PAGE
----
Providing Free Medical Care

Amigos de Salud, which loosely translated means Friends of Health, provides  medical and surgical care and supplies to those with limited resources in South America. Under the direction of co-founders Nick Morrison, MD, FACS, FACPh, and his wife Terri Morrison, RN, a team of more than 40 volunteer physicians, nurses, other clinicians and support staff travel to Ecuador every summer.

During this week-long trip, the team will screen, evaluate and treat approximately 2,500 children and adults. “This is grassroots medical care,” explains Dr. Morrison “It is a remarkable experience for all concerned and embodies a unique one-on-one impact that is difficult to describe,” continues Dr. Morrison. “As medical professionals, we can give back in time and talent to individuals who desperately need our care.” The Morrison’s have made 21 trips to Ecuador and they have made similar trips to Peru, Nicaragua and Costa Rica . In both 2007 and 2008, they made two trips.

This humanitarian effort comprises a multi-specialty medical team of physicians specializing in general surgery, pediatrics, orthopedics, vein disease, gynecology, family practice, anesthesiology and colorectal surgery, as well as an audiologist, and nurses with experience in numerous fields. The team will treat a broad range of ailments including hernias,
hysterectomies, varicose veins, parasites and worms, diabetes, heart disease, fractures that haven’t healed properly, and uterine/ovarian fibroids.

All volunteers not only donate their time and skill, they also pay for their own airfare, trip expenses and some equipment. Sutures, operating room equipment, anesthesia machinery, gloves, gowns, drapes, antibiotics, dressings, IVs, etc. are all purchased, donated and corporate-sponsored under the auspices of Amigos de Salud. Numerous companies have stepped up over the years to help with supplies, which have to be purchased and
transported from the United States. The team will ship 120 trunks of medications, medical equipment and supplies, which the Ecuadorian army transports and guards.

The Morrisons purchase compression stockings to bring along for those in need of vein care. Explains Mrs. Morrison, “Our audiologist friend paid $10,000 of her own money for hearing aids and then the next year one of our wonderful patients donated $10,000 for hearing aids so she could take more!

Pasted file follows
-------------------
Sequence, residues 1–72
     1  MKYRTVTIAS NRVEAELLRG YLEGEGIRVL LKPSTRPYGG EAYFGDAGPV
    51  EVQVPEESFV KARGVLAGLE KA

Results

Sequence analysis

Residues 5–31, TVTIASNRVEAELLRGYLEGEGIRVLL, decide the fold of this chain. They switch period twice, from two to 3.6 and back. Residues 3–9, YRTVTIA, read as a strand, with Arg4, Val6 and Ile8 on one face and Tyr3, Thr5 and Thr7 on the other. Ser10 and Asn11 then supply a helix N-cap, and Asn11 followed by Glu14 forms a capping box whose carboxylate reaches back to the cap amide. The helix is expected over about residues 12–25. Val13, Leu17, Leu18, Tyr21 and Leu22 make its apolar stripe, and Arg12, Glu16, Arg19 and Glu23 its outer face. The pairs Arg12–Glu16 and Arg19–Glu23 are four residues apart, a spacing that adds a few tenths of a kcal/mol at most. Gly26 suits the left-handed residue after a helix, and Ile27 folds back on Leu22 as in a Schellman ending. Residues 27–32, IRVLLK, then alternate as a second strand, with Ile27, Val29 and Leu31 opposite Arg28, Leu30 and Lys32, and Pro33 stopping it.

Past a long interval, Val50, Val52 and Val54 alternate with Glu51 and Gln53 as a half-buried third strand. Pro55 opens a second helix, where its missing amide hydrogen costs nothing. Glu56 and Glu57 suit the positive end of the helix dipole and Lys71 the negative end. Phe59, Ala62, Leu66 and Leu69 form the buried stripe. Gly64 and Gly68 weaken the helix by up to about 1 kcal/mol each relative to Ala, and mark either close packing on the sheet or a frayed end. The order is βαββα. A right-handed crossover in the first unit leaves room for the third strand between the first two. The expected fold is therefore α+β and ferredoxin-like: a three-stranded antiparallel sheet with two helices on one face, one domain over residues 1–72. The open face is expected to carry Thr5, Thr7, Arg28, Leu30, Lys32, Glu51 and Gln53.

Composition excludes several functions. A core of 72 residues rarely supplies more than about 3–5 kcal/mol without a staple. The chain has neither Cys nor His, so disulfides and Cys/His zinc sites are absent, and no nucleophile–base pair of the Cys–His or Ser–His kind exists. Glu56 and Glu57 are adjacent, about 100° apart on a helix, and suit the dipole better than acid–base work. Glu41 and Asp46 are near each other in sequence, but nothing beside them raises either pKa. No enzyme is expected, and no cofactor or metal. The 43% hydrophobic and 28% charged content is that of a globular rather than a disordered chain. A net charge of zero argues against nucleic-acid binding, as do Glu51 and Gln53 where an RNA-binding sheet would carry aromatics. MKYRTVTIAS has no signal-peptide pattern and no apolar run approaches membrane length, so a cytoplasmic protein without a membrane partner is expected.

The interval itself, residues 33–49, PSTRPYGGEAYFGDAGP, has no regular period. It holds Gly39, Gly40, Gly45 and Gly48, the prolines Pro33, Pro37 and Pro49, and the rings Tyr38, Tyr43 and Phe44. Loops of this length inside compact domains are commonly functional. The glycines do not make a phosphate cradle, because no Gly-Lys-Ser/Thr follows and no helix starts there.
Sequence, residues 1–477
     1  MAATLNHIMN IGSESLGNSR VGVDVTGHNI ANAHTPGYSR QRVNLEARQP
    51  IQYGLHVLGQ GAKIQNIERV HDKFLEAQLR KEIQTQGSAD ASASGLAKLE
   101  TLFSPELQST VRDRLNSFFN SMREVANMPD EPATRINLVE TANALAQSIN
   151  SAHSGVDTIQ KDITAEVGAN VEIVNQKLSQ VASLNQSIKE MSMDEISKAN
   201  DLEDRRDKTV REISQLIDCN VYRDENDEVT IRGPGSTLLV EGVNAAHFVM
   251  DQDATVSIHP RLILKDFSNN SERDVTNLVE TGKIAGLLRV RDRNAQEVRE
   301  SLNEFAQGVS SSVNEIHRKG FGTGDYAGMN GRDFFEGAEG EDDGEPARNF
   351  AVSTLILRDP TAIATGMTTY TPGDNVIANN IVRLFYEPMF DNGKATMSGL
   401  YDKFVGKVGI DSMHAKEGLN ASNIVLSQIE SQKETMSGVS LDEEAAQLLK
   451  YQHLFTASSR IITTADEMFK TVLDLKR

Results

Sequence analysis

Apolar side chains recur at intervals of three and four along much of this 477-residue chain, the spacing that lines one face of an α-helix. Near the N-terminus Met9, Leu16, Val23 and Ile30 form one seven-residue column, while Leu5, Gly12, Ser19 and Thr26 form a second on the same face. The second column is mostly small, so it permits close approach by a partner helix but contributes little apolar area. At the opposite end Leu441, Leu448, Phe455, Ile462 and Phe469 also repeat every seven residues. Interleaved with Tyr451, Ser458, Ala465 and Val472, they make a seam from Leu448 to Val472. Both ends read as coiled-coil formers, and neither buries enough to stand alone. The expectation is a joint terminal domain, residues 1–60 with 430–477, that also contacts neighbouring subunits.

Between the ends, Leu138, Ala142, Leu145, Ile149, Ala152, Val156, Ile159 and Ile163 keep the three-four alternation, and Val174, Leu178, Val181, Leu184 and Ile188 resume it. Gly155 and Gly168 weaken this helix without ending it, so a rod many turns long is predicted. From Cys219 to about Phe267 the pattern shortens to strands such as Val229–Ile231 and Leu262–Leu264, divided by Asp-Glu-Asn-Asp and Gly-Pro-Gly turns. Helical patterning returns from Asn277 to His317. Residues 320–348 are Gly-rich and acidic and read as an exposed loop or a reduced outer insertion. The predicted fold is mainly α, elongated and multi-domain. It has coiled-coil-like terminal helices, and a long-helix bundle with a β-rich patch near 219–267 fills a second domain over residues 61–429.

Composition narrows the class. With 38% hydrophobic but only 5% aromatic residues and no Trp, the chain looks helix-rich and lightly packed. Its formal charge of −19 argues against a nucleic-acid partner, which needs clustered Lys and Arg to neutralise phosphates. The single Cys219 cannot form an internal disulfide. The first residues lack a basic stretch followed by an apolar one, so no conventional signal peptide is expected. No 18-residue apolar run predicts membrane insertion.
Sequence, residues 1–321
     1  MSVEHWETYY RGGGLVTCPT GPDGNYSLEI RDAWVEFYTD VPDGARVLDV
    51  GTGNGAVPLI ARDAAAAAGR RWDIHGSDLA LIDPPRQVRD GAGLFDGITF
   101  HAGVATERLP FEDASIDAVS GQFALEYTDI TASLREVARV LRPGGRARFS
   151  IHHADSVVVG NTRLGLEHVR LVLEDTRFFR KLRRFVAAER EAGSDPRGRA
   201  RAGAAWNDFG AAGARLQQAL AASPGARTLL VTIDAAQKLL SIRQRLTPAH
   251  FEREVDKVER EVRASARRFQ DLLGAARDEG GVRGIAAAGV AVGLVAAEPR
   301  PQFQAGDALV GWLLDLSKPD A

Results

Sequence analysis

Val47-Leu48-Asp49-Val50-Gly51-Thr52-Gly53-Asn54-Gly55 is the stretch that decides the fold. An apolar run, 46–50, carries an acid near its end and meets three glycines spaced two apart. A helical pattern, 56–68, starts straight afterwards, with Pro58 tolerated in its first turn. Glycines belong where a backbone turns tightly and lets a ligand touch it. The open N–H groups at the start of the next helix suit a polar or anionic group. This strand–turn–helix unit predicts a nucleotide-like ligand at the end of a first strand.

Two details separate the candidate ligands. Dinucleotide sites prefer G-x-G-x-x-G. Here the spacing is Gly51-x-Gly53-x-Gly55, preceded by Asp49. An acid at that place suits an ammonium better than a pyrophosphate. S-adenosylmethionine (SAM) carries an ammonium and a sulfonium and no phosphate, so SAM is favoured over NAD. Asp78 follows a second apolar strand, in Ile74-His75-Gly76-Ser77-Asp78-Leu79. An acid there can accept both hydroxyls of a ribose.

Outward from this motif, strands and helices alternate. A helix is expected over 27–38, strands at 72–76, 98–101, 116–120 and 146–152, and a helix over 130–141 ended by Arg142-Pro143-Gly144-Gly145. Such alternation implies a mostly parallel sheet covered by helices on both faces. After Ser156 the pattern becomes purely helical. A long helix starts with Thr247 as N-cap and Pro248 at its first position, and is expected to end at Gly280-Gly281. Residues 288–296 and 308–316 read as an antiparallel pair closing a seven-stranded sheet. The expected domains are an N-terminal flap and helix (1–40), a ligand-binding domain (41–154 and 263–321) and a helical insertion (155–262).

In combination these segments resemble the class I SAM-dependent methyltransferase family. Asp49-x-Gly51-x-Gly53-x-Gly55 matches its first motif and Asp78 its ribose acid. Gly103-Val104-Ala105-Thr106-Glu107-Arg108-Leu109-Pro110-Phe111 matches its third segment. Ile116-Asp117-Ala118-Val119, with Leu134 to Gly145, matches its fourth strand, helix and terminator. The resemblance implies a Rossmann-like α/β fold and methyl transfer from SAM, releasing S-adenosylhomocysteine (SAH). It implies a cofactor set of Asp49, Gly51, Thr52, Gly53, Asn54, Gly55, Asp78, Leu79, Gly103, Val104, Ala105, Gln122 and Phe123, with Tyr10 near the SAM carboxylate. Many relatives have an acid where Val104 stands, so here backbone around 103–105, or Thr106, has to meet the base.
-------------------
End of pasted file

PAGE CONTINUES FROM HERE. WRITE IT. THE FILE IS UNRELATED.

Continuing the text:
Each year, the humanitarian medical effort attracts thousands of patients.  Children and adults in need will converge in Quito, a large city in Ecuador, for assessment, treatment, and care offered by the medical team at a local military hospital. “People sometimes travel for days to get treatment, often refusing to eat when they arrive because they’ve heard you have to fast before surgery, and they don’t want to risk their chances of being eligible,” comments Children’s Dental Village Owner Joyce Anne Ware Longfellow, a non-clinician volunteer who has handled arrangements on some of the trips. “I know that we answer a critical medical need in Ecuador, and I always return a better, more enriched person. But we all learn a great deal from the
people there, too and we always receive an incredibly warm welcome.”
“This is the type of care that gets to the heart of why most nurses and physicians initially chose their professions,” states Mrs. Morrison emphatically. “In Ecuador, we just take care of patients … no paperwork, just one-one-one care.”

The volunteers of Amigos work throughout the year to gather equipment and donations to go to South American countries so they can set up and perform complex operations in a matter of days. The “Amigos” group has no paid staff and no overhead, therefore 100% of donations go directly to the volunteer effort. As you might imagine, this is a huge endeavor only made possible by generous supporters. Donated medical services, equipment, supplies, medications, and money are essential to the continuing success of these all-volunteer trips.

Written By Steve Gilbert, Perfectify Magazine

Posted By Kelly Lorenzen

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